Upstream on the south bank we find inscrutable, large buildings, which could be warehouses or power plants. The older structures are abandoned in varying states of decay. The newer ones are nameless behemoths. It’s a scene I’ve seen repeated in industrial port cities in the United States. Two kilometers upstream from the bridge, a road leads onto a large oxbow in the river holding playing fields and a park. From the bank we look across into the city, to the expansive Villas 21-24, where thousands of people live. Ad hoc houses of concrete and red chunky bricks rise to three stories. Partially completed rooms are piled onto lower floors. Riparian clearing here is fresh and raw. All structures within 35 meters of the river have been scraped clear, leaving bare dirt.
Heading back down to the bridge, we cross over to the city. The riverine landscape on the cityside has changed considerably in the last few years, although the dominant land uses remain. The area is densely urbanized, with logistics, industry, and urban neighborhoods crowded together. Across dozens of blocks closest to the river are large warehouses, offices, and service sheds of varying ages. Many of these are dedicated to the logistics and transit industries, which keep the port city moving. Uphill from the warehouses lies the established neighborhood of Barracas — the barracks, a traditionally working class neighborhood long connected to the harbor.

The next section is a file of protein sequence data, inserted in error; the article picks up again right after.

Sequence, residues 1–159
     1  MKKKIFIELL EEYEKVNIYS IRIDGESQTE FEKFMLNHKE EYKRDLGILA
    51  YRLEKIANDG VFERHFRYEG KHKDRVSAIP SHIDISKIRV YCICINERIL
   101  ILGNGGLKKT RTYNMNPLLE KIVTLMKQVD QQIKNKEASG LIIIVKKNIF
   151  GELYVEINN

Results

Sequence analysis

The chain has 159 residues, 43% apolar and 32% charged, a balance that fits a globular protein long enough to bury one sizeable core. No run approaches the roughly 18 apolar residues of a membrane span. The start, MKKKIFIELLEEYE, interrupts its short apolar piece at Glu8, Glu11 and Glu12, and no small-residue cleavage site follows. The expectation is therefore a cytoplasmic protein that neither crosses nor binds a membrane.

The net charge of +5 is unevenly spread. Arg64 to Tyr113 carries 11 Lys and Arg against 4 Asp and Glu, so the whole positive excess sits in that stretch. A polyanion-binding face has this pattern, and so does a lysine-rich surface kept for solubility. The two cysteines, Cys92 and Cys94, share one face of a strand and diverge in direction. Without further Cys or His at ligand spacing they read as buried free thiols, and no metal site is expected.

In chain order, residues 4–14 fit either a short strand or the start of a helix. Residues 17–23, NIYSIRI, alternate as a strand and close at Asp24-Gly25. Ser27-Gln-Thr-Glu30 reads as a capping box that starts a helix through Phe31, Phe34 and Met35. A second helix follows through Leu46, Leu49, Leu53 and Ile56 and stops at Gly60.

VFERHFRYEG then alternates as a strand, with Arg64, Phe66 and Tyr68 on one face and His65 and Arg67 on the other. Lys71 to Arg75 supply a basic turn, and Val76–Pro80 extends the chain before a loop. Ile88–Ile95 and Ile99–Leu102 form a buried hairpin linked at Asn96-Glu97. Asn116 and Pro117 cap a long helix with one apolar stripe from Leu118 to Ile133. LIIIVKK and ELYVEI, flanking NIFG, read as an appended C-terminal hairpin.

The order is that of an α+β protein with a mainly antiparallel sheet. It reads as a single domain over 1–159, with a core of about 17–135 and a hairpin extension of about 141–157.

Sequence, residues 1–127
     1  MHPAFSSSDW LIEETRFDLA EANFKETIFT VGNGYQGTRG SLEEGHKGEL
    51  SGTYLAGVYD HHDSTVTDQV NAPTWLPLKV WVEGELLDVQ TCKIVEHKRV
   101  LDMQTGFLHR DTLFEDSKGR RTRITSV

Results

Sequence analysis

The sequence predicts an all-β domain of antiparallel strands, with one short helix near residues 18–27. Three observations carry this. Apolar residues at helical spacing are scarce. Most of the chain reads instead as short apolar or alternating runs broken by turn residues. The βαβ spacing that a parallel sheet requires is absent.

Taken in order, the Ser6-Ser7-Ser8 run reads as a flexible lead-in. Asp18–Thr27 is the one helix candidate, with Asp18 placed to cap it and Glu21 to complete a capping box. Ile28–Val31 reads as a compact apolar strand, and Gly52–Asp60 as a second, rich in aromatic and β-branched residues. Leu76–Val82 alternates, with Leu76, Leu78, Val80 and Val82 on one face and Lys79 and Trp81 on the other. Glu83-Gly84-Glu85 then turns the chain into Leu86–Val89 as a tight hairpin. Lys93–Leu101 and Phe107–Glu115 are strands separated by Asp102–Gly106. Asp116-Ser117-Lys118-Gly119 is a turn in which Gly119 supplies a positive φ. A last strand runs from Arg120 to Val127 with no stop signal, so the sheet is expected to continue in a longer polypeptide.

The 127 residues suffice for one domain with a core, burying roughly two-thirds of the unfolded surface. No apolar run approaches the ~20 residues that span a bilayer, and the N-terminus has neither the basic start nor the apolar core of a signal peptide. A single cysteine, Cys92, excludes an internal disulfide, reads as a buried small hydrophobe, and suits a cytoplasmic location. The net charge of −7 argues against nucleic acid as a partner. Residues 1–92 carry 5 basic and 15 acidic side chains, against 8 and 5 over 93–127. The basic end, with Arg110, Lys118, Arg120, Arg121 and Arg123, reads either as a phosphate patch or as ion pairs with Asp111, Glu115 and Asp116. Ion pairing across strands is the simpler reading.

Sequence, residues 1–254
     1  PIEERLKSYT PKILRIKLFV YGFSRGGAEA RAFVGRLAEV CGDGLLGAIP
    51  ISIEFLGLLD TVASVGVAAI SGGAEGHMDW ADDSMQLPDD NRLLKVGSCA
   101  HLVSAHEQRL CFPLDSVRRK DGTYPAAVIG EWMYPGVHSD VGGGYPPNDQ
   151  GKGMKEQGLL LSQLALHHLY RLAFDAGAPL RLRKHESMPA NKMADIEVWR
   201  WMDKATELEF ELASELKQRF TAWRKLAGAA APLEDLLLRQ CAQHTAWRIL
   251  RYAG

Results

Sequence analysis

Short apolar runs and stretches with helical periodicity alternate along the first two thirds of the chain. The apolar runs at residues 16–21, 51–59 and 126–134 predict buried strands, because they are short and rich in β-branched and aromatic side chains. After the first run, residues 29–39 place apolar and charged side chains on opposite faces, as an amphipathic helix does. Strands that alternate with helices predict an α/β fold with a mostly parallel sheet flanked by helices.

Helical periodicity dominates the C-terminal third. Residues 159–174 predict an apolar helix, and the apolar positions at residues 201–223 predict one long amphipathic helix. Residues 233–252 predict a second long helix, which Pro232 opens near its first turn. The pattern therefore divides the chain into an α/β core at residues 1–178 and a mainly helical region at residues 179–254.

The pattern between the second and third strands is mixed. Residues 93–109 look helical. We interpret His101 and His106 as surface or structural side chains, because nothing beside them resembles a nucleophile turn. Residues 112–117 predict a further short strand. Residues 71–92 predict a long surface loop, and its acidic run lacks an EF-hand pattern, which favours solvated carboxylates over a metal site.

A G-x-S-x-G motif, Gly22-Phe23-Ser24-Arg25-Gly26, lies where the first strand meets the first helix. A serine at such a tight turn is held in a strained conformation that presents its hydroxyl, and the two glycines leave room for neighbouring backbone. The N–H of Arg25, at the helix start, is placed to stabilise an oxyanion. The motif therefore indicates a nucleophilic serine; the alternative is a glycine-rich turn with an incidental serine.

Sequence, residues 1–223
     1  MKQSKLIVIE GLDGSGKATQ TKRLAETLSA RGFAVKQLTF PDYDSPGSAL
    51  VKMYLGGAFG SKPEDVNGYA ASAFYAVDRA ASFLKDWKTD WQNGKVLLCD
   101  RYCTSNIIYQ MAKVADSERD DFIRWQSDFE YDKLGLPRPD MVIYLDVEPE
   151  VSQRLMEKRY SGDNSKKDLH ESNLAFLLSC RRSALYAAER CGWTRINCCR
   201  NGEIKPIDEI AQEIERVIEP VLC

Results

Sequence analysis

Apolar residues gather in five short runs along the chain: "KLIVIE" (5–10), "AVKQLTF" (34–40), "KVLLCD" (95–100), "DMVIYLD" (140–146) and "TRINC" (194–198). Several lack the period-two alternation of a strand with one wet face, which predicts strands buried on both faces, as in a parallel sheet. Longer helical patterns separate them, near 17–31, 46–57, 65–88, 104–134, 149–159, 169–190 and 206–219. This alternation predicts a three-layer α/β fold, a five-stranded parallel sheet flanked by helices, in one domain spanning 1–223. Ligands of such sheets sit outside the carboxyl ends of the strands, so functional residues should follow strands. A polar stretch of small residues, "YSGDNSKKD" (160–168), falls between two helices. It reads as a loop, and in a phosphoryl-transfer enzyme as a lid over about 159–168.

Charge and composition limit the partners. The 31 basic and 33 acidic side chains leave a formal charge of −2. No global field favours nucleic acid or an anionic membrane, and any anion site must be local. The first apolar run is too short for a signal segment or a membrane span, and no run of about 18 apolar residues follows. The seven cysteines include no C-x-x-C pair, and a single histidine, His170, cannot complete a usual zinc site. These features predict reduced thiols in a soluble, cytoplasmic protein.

Our friends from INSITU produce historic aerial photographs going back 90 years. What were empty lands unsuitably close to a polluted industrial river gradually filled in with paved roads, warehouses, and informal housing. Two long blocks up from the bridge is the inlet of a cloaca draining Barracas. Between the two landmarks Villa 26 grew, a long narrow neighborhood clinging to the river with a maze of alleys. In the final image there is a large flood control structure covering the entrance of the sewer and the first block of Villa 26 is replaced with a new park with bright white paths.
We walk this path — between a massive bus maintenance shed and the Riachuelo — along mown grass and built in tables. It is by all accounts a modern riverfront amenity, although evidence of disharmony lies in the smashed glass checkerboard tiles embedded in the concrete game tables.